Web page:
The Strange And Bizarre Soviet Winnie The Pooh


Winnie the Pooh is one of the most recognizable characters in popular culture. A pure icon of childhood innocence and friendship. The Disney version of the character (first introduced in 1966) is known worldwide and is estimated to sell over $1 Billion in merchandise annually. But what if I told you that on the opposite side of the earth around the same time another version of the iconic character was being made?

In 1969 the Soviet animation company, Soyuzmultfilm, released their own version of Winnie the Pooh or “Vinni Pukh”. Director Fyodor Khitruk, decided to adapt the stories of A. A. Milne. Along with Russian translator, Boris Zakhoder, they created their own version of the classic tale. In total there were three Russian Winnie the Pooh, shorts, similar to how Disney released three shorts.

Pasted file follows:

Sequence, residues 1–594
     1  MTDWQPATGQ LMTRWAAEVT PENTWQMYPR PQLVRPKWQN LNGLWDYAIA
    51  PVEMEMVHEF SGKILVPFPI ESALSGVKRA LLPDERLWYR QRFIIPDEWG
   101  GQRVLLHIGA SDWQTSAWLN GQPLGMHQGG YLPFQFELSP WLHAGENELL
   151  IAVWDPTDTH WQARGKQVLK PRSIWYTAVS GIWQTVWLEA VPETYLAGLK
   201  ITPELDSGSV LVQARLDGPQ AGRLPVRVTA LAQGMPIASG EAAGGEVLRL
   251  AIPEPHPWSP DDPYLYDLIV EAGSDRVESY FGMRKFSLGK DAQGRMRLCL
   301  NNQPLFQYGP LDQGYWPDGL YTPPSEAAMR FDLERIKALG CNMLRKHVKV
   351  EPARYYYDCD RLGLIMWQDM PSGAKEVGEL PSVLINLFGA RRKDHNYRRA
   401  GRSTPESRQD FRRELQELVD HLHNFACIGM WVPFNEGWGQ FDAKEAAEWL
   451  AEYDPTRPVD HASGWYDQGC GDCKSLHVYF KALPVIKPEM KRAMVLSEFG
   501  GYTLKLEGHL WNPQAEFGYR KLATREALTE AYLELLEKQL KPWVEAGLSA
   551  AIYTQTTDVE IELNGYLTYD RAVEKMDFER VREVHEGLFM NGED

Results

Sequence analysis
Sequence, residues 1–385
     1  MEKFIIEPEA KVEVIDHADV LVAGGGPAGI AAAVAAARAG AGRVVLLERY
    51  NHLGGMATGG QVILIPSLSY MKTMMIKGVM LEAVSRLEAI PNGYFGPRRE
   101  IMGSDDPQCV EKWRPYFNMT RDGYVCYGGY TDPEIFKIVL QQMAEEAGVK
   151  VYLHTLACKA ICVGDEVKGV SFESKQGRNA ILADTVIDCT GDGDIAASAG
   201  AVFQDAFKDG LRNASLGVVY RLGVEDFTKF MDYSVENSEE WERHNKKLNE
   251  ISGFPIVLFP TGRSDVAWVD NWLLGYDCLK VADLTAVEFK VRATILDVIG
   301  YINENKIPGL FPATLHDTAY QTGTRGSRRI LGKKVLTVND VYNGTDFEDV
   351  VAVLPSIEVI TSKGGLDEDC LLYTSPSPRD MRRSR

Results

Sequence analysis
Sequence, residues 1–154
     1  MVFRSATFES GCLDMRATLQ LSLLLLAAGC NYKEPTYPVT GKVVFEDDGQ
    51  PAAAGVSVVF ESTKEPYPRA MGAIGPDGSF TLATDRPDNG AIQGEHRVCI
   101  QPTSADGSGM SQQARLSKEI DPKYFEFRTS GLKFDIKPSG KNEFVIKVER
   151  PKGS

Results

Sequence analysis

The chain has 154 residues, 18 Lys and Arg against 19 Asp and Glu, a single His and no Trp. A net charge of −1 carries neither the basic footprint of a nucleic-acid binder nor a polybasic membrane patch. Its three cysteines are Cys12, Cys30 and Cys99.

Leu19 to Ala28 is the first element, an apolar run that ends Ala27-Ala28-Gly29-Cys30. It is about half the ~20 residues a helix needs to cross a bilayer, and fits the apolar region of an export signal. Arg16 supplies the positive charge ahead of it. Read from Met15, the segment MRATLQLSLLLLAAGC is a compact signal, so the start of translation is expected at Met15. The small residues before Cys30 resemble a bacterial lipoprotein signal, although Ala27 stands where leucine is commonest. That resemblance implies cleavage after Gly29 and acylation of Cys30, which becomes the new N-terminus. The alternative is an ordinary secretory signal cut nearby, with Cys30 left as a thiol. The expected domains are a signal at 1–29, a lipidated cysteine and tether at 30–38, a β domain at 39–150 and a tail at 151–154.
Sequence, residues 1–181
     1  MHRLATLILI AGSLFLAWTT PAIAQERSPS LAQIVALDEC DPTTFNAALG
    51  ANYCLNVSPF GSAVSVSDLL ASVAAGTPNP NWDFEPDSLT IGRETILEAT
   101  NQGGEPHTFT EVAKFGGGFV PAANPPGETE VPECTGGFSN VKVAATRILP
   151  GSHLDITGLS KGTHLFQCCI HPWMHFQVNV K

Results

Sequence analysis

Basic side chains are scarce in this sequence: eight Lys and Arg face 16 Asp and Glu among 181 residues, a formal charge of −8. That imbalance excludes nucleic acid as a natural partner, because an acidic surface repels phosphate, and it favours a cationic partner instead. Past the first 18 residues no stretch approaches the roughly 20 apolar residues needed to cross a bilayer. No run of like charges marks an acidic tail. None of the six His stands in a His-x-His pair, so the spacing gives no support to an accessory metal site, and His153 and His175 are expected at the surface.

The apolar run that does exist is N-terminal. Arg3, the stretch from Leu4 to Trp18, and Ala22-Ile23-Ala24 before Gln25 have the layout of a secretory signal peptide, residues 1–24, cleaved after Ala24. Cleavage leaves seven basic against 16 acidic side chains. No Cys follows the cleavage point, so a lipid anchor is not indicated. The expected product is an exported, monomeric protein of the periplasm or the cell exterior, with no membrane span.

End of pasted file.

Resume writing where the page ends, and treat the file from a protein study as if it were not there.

The first story was simply called Winnie-the-Pooh and followed the story of Pooh and the Honey Tree. However one major change was the removal of Christopher Robin in favor of Piglet. The reason was because in traditional Soviet fashion they wanted to present all characters as equal and did not want a “superior being” solving their problems.

The second short, Winnie-the-Pooh Pays a Visit, released in 1971. The story follows Pooh and Piglet paying Rabbit a visit and Pooh getting stuck in the door after eating too much honey. In this version Rabbit wears a red shirt and glasses. 

The third and final short, Winnie-the-Pooh and a Busy Day, released in 1972. The story follows Pooh and Piglet trying to cheer up Eeyore on his Birthday. Owl also makes an appearance but in this version appears to be female. The original story this was based on didn’t get adapted by Disney until 1983.

It is really interesting to see that during the same time Disney was making their version another country on the opposite side of the earth was making their own.

Though this is a rather strange interpretation of the character if you are curious enough perhaps you might find a little enjoyment. But remember, in Soviet Russia Bear does not eat honey, honey eats bear.

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